Bringing home a new puppy from a shelter is exciting until you realize just how many things have just become a hazard to them throughout your home and in the yard. Puppy-proofing your house is one of the first things you need to do. Knowing how and when to puppy proof the home is crucial to bringing up a new puppy in a safe environment. Puppies never seem to run out of energy and curiosity, so it is important to always stay one step ahead of them.
Puppy precautions that can be taken throughout the home and yard, before your new buddy arrives at home, include being aware of hazardous plants, choking hazards for puppies, childproofing certain areas, and keeping your tables and counters clear of things you don’t want the puppy getting into.
These precautions only hit the tip of the iceberg when it comes to precautions to take when bringing home a new furry friend.
Identify and Remove All Hazardous Plants
There are a lot of common household and yard plants that some pet owners may not even think twice about, as far as them being toxic to their animals or not. Some of the common household plants that you will want to make sure are well out of reach of the new pup (or any animal) include snake plants, lilies, and oleander. Outside plants that you will also want to use caution with, if they are accessible by your new puppy, include Sago palms, Areca palms, and Weeping fig trees. This doesn’t necessarily mean you need to get rid of these plants in your yard. Just put them in a place where your new puppy cannot get to them.
Be Cautious About Small Objects
New puppies are like toddlers. They love putting things in their mouths, meaning everything is a choking hazard. Items like caps from water bottles, loose change, and various office supplies (paper clips, rubber bands, etc.) are most definitely choking hazards for puppies. Not to mention, if they don’t choke and the items make it into their GI tract, there will be other problems that need to be dealt with.
Lock Away Certain Items with Childproof Latches
On that same idea as keeping choking hazards out of reach, keeping toxic items locked away where a puppy cannot get to them is also important. Cleaning supplies and other harmful chemicals should be securely locked away where the puppy cannot get to them. This means always putting these items away as soon as you are done using them. Puppies are sneaky little things. They will grab an item they shouldn’t have before you even have time to realize they took it.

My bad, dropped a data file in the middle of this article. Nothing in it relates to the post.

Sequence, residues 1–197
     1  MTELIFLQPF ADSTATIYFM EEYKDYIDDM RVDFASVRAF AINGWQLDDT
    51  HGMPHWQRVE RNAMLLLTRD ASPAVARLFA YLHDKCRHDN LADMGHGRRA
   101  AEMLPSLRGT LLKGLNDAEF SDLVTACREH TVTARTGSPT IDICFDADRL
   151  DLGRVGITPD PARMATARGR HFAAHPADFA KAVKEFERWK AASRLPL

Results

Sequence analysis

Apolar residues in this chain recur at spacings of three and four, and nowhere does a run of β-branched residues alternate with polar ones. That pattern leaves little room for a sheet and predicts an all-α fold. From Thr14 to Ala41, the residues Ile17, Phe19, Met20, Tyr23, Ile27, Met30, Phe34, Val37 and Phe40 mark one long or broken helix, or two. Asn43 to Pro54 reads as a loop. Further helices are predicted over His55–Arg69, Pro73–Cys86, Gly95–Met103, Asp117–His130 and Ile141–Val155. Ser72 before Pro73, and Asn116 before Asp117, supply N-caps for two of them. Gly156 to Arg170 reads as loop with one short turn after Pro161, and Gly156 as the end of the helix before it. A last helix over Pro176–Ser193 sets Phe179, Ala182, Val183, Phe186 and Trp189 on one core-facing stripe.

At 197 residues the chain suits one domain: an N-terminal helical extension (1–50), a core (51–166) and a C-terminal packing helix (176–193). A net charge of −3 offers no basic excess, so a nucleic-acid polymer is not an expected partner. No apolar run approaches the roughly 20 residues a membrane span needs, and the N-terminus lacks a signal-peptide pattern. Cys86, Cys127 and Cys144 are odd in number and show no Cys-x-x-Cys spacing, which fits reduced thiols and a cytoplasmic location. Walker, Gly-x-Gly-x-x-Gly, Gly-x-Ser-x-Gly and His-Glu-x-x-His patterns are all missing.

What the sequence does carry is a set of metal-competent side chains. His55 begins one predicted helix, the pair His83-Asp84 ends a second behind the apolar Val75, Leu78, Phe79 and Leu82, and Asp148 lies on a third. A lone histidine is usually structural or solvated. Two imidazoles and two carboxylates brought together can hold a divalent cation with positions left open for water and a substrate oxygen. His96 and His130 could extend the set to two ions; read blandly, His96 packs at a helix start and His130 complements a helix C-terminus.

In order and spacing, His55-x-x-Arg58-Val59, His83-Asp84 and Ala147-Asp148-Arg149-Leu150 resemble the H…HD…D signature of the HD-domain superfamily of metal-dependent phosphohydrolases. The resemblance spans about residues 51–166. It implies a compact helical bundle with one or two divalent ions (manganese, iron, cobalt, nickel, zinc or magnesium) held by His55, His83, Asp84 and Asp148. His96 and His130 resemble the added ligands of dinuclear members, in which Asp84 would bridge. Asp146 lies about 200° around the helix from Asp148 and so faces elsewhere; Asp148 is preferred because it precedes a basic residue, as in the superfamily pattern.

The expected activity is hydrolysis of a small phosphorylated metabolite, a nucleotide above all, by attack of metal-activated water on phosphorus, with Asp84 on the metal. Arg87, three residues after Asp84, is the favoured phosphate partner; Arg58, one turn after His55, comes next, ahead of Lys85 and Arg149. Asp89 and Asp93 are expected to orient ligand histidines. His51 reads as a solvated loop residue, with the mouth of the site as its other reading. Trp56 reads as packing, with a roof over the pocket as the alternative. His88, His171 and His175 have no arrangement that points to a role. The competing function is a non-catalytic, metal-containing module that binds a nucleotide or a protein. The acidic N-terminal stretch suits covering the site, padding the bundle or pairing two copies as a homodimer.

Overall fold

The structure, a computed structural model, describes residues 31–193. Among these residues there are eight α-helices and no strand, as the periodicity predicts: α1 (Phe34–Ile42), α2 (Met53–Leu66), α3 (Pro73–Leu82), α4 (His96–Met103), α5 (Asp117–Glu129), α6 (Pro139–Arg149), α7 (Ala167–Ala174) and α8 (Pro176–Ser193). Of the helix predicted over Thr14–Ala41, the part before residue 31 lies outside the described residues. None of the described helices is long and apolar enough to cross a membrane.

Keep Things Like Medications and Human Food Out of Reach
The last thing you want your new puppy to get his paws or mouth on is stray medications. Even if they're sealed up in a childproof bottle, those containers are no match for puppy teeth and determination to taste what's inside the bottle. The same goes for people's food. We all know what happens when puppies get a taste of the good stuff. Not only do they become perpetual beggars, but they may also be eating something that they really shouldn't. Some human food is sharable under the right circumstances, but others like chocolate should never be given to a puppy. Here are some human foods that are toxic to dogs.
Bringing home a new puppy is a lot of work, there’s no doubt about that. It’s a task that is easily comparable to bringing home a new baby that will be a toddler in no time flat. If you go into this new adventure knowledgeable and prepared, you are already starting off on the right foot. For you and your new furry friend.
Once you've successfully puppy-proofed your home, you can now start training your puppy.
How to puppy-proof your house?
How to puppy-proof outlets?
How to puppy-proof your yard?
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